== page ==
On June 3rd, the eve of the 22nd anniversary of the Tiananmen Square Incident, Laogai Research Foundation hosted Tiananmen hero Yu Zhijian and Congressman Chris Smith (R-NJ) at the Laogai Museum.
Amidst the tumultuous 1989 democracy movement, Mr. Yu, along with two others, filled eggs with ink and threw them at Mao Zedong’s massive portrait hanging over Tiananmen Square. It was not long before the three were arrested for desecrating Mao’s image, and Mr. Yu was locked up for 12 years of his life sentence. Although he now lives in the U.S., on Friday, Yu Zhijian spoke with passion about the need to keep on remembering and commemorating those lost on June 4th, 1989 all across China. He expressed outrage that so many details of the event have been covered up, and that even now, no one knows just how many died. He felt that after so many years, one would have figured the Chinese Communist Party’s power would have receded, but due to the fact that upon facing threats or bribery from the CCP, the people betrayed their own dignity and gave up on their ideals. Now, the CCP has instead grown stronger. He was embarrassed by the failure of a “Jasmine Revolution” in China. Finally, he criticized the CCP’s tactics, saying that, “when deception is used to inspire the people, it can only lead to fake morale.” He asserted that “the spirit of Tiananmen can never die- it is representative of the eternal value of the human race.”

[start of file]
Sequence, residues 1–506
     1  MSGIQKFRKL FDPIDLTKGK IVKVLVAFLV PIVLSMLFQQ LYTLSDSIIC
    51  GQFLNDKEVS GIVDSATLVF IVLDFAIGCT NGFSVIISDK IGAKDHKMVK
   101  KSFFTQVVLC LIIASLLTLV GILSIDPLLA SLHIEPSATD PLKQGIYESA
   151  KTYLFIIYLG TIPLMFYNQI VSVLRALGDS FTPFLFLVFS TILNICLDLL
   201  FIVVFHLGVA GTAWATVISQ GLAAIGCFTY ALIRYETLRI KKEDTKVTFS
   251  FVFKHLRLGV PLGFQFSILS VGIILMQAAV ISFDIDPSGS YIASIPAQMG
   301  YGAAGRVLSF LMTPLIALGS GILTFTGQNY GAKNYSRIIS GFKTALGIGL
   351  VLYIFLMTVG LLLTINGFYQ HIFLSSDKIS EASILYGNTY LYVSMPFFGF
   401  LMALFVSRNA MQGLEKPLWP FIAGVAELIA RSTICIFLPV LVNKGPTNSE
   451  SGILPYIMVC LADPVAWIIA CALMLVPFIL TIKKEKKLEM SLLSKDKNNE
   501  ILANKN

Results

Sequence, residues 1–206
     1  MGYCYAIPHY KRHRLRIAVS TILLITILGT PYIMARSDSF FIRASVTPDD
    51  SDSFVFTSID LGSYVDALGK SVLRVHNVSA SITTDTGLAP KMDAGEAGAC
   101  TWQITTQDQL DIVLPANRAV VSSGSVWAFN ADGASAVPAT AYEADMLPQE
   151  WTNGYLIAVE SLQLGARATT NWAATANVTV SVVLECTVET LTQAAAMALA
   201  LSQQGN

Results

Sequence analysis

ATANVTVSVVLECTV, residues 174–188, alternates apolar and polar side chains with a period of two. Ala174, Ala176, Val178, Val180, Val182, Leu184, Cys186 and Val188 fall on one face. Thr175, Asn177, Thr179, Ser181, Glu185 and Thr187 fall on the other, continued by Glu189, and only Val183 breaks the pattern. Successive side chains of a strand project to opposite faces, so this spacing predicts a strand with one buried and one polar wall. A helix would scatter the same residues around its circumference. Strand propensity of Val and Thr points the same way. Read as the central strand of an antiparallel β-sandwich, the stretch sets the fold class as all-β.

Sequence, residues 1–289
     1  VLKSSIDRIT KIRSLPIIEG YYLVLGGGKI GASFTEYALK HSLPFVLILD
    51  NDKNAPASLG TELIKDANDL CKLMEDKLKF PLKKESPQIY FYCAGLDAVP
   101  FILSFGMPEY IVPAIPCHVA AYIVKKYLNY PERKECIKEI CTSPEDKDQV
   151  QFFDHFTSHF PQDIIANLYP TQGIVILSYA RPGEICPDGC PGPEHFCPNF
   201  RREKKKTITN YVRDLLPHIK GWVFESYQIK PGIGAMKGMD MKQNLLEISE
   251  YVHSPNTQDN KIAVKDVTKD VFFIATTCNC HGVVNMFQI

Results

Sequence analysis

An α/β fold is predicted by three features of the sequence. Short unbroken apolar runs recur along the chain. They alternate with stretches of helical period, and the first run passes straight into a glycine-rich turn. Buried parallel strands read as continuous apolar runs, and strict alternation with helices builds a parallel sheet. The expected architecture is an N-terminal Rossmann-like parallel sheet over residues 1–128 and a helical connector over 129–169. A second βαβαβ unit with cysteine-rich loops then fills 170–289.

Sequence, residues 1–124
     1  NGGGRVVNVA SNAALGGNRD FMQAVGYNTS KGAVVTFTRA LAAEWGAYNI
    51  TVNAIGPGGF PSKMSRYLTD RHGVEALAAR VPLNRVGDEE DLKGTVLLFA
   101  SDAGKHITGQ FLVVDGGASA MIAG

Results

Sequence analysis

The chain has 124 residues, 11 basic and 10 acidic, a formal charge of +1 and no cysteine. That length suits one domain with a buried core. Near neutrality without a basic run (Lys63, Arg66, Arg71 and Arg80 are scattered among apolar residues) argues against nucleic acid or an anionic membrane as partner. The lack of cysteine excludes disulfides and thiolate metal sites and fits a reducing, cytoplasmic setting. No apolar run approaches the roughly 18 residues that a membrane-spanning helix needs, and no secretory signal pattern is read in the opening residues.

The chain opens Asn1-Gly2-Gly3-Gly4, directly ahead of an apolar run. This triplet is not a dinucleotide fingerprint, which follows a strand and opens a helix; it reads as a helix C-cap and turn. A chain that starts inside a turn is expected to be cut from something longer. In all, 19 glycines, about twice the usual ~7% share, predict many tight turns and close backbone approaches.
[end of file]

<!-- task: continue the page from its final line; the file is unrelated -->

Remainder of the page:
Rep. Smith also expressed that “too many people, especially in the West have forgotten,” and many, especially in the government, “have been far too accommodating of those who committed atrocities.” He said that “someday democracy, freedom, and human rights will come to China,” and that, “those of us who believe that human rights will come someday to China will never cease in our push.” He also announced his introduction of a bill, H.R. 2121, known as the “China Democracy Promotion Act of 2011,” which would empower the President to deny the issuance of visas to any senior Chinese leadership personnel who have committed human rights abuses in the People’s Republic of China. He emphasized that, “just because China is strong, this should not mean that their government can be treated with impunity.”
The event concluded with a screening of selected scenes from the 2006 PBS Frontline documentary, The Tank Man, which included first-hand accounts of the turmoil of 1989 and insight into the impact of the nameless man who dared to stand up to the repressive Communist government.